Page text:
Young survives playoff to win girls golf regional for Lake Forest

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LAKE FOREST — It was minutes after the North Suburban Conference girls golf tournament ended on Sept. 30.

Before the tournament medalists — three of them Lake Forest Scouts — were announced, the honorary title of “Marlene Miller North Suburban Conference Individual Champion” was awarded. The name Marlene Miller is a familiar one in Lake Forest.

Miller retired this summer after a 37-year coaching career that included two state championships won with Lake Forest in 1996 and 1998.

“We had no clue they were going to do that. We were all screaming and cheering when we found out about it,” senior McKenna Shea said.

The 2014 Scouts dignified the award for their former coach the best way they knew how — by carding low scores and earning all-conference medals.

Junior Emily Young led the way with an 18-hole score of 82. Young finished two shots behind champion Simone Mikaelian of Libertyville and one back of runner-up Annette Yandall of Wauconda (81). Shea, whose round of 90 was good for eighth place, and sophomore Lena Benjakul (95, 15th) were the Scouts’ other all-conference winners.

Just like Miller, first-year coach Steve Johnson relies on Young to end rounds with a low number.

“[Young is] consistently our top scorer. For nine holes, in the mid-to-high 30s. If she hits 40, that’s a bad day,” Johnson said.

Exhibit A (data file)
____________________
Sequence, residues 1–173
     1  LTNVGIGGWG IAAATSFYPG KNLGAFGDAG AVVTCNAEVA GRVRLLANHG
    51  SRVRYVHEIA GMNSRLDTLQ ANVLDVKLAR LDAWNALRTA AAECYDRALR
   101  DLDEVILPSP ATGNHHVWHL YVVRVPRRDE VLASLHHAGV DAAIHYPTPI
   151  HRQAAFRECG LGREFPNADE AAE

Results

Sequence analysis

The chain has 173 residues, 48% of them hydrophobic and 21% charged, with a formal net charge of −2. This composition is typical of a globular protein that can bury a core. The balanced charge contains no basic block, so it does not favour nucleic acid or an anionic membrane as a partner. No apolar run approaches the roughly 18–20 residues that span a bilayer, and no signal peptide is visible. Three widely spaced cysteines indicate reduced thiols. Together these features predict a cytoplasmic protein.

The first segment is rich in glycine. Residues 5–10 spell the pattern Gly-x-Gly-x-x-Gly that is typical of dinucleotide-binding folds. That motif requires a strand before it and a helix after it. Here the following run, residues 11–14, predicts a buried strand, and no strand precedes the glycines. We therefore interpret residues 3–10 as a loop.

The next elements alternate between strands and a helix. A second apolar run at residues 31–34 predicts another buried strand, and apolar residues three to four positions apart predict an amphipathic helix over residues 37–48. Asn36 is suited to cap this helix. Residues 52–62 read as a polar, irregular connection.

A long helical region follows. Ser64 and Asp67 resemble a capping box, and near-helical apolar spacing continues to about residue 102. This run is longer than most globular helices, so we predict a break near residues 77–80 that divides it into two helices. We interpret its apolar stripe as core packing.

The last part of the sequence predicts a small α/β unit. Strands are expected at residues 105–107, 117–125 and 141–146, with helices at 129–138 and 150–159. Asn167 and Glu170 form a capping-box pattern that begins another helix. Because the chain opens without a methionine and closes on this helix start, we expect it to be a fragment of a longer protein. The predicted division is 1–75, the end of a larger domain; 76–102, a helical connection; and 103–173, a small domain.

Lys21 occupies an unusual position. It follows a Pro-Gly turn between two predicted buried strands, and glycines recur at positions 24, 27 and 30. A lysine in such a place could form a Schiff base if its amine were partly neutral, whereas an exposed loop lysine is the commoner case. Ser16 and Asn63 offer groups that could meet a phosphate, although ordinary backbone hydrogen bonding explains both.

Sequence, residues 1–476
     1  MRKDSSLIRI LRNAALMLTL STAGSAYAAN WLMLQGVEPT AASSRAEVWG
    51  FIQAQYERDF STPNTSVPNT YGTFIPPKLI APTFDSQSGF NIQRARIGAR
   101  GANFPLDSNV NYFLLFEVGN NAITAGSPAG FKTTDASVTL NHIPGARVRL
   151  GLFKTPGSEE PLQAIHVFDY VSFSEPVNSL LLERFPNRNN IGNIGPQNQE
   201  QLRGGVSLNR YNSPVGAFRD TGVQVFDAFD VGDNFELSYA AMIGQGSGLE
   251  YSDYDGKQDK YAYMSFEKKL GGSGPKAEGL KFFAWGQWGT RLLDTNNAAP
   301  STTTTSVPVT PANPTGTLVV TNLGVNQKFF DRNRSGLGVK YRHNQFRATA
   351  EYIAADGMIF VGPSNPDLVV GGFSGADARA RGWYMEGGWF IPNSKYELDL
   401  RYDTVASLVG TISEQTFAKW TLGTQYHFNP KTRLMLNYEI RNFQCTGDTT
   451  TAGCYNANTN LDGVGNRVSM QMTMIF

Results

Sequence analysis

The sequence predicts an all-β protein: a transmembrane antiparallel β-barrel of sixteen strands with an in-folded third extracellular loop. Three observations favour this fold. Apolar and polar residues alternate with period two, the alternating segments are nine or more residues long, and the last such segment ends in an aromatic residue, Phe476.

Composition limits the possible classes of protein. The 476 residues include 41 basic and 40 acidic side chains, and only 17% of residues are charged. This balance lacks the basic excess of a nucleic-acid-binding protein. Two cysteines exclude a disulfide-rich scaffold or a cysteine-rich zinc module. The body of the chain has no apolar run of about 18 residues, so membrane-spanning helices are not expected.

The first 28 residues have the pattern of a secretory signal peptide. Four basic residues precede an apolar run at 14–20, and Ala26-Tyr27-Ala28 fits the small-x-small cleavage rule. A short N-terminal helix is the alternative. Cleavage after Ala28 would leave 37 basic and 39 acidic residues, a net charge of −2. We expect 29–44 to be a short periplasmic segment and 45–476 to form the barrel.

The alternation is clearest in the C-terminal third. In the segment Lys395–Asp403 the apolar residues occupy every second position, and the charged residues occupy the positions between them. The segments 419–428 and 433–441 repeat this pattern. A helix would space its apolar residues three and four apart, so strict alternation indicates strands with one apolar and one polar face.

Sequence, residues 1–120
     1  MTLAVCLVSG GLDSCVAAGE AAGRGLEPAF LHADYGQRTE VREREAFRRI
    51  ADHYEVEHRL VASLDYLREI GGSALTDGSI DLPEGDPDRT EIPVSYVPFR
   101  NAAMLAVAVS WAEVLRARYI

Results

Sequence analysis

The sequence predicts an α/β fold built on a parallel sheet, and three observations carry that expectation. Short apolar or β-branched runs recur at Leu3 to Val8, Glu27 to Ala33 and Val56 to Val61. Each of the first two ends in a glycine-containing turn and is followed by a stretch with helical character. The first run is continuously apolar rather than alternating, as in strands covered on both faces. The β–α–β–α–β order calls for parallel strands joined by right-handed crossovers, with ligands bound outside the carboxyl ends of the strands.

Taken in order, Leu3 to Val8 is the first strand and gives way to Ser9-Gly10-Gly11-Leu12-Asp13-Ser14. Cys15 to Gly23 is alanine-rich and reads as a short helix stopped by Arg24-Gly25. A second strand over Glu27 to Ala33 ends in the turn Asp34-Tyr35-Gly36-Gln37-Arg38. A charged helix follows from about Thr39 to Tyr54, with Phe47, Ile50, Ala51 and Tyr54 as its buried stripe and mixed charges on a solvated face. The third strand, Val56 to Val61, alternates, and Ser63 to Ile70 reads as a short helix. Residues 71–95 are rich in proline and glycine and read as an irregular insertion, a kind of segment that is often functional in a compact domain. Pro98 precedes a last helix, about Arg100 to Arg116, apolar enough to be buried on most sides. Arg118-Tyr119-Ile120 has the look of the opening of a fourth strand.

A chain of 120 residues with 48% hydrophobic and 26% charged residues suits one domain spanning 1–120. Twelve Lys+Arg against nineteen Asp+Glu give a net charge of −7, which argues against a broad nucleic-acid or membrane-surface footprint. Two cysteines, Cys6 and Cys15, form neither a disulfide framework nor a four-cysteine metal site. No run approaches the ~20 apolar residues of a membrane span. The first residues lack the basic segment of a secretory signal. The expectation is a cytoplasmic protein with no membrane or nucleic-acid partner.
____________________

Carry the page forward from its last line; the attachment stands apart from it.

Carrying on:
Young missed the state cut in 2013 after qualifying as a freshman. More reliant on control than power, she has a formula for advancing in this October’s state series.

“Not taking driver. I’ll take a hybrid or a six [iron] and say, ‘I’m going to give myself 120 yards into every green and play it safe and see how many pars I can get,’ ” Young said. “Stay away from the big numbers. Get your pars.”

That conservative strategy helped Young shoot a 76 at Wednesday’s Lake Forest Regional at Deerpath Golf Course. She won a one-hole playoff with Barrington’sReena Sulkar for medalist honors. Benjakul (90) also advanced to the sectional round as an individual as Lake Forest shot 388 to finish seventh as a team.

Part of the journey toward state began at the conference tournament.

Young, disappointed she finished just shy of winning the inaugural award named after Miller, said seeing her former coach receive such an honor was a moment she won’t soon forget.

“What she loved was being out there, watching the girls. And she loved conference,” Young said. “I think that was one of the sweetest things they could have done to remember her.”

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